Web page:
March 04, 2014
Here’s how I have setup my laptop running OS X Mavericks (10.9.1) for Chef.
Install VirtualBox 4.x..
Install Vagrant 1.4.1 (or higher).
Set up a sane Ruby 1.9.x environment for Chef cookbook authoring Note: On OS X Mavericks (10.9.x) the system (default) Ruby is 2.x and therefore you may not need to install a Ruby version manager (RVM, rbenv, or chruby).
Open a browser and navigate to http://www.getchef.com/chef/install. Select
OS X in the Operating System drop down. Choose the version number closest to your current OS X version, likely
x86_64 for the architecture. Copy the
curl command from the Quick Install Instructions section and run it.
Once you’ve completed the setup process for your workstation open a command prompt and verify your installation is working.
Create a directory to hold your Chef authentication keys. For example:
If you are using a hosted Chef server the Chef Starter Kit will include your account authentication key, the Chef Server authentication key, and a
knife.rb configuration file for that server. While you can leave your authentication keys in the
chef-repo the starter kit provides, I choose to copy them to my
~/.chef directory as I access multiple chef servers and centralizing the authentiation keys simplifies things.
If you are using a locally hosted open soure Chef Server, contact the administrator for that server to have an account created. Once your account has been created you can generate a new authentication key by following these steps.
Sign into your account on the Chef Server and then
Click on the
edit account link in the upper-right corner of the page
Check the box under Regenerate Private Key and click the Save User button. Note: Regenerating your private key means any previous key will no longer work.
Copy your entire private key to your workstation naming it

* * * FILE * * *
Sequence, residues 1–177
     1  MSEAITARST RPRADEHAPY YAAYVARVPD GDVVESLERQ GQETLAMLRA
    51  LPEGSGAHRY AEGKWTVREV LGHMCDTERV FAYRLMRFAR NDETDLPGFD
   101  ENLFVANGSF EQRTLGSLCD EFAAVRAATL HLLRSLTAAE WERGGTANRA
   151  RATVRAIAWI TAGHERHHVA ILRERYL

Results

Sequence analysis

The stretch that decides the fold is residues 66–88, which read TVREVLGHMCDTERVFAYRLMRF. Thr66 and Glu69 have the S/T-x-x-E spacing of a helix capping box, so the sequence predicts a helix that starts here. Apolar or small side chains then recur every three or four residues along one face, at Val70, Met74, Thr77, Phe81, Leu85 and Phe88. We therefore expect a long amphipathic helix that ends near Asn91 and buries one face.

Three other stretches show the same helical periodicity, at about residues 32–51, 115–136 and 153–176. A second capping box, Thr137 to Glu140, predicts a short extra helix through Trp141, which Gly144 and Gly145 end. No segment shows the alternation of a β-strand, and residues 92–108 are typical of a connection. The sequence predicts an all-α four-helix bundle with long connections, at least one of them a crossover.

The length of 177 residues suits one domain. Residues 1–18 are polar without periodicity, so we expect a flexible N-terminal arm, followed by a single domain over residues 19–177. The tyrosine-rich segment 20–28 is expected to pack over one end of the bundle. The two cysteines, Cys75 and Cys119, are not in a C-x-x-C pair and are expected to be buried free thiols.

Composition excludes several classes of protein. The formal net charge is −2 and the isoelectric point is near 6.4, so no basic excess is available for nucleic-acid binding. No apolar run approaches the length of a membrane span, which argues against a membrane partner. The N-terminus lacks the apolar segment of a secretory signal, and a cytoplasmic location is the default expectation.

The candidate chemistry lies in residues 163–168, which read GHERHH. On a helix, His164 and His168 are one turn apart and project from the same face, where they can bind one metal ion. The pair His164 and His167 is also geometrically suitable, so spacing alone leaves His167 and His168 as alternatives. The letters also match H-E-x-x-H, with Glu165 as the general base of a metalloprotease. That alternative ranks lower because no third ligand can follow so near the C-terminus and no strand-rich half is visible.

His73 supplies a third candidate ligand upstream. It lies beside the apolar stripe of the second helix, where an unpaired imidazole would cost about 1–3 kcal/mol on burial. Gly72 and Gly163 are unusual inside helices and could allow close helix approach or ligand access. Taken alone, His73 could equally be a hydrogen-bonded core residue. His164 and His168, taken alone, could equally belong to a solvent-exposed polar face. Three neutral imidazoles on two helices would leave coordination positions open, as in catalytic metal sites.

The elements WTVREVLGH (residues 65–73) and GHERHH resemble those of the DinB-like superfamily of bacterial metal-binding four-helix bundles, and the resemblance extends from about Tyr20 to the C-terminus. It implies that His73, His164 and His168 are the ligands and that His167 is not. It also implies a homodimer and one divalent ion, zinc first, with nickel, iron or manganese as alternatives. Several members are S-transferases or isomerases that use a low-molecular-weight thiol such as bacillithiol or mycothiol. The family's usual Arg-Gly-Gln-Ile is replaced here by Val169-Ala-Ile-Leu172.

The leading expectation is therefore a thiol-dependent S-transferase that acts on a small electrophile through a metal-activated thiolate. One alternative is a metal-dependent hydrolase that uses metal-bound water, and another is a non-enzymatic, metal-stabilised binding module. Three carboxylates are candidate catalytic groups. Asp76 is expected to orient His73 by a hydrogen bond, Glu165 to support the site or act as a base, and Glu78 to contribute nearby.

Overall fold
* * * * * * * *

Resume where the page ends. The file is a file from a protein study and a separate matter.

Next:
your-id.pem and saving it in the
~/.chef directory you created above. If you are setting up more than one workstation, copy the key to those workstations as well.
The administrator for the Chef Server can also proide you with the server’s
validator.pem. Once you have received that file, copy it to your Chef keys directory as well, calling it
Your Chef authentication keys directory should now look similar to this:
Create a directory on your workstation to be the root of all your Chef activities. For example:
The Chef Repository, or chef-repo, provides a structure for all the components of Chef: cookbooks, recipes, templates, attributes, roles, et cetera.
If you are using a hosted Chef Server, the same starter kit mentioned above will include a
chef-repo for your use. Copy it to your newly created project directory.
To create a
chef-repo yourself follow these steps:
Note: On OS X you may need to run
brew install wget to add that utility to your system.
knife is the Chef command line tool. It is an API-client that is used to communicate with the Chef Server, and also to perform some activities on your workstation. knife is included with Chef and was installed when you added Chef to your workstation.
If you are working from a stater kit you already have a completed
knife.rb file and can skip ahead to “Testing your knife.rb configuration”.
.chef directory in your chef-repo.
Using your favorite editor create a new file,
knife.rb in the
.chef directory. The file contents should look like this:
knife.rb configuration file in place you should be able to view the clients known to the your Chef Server.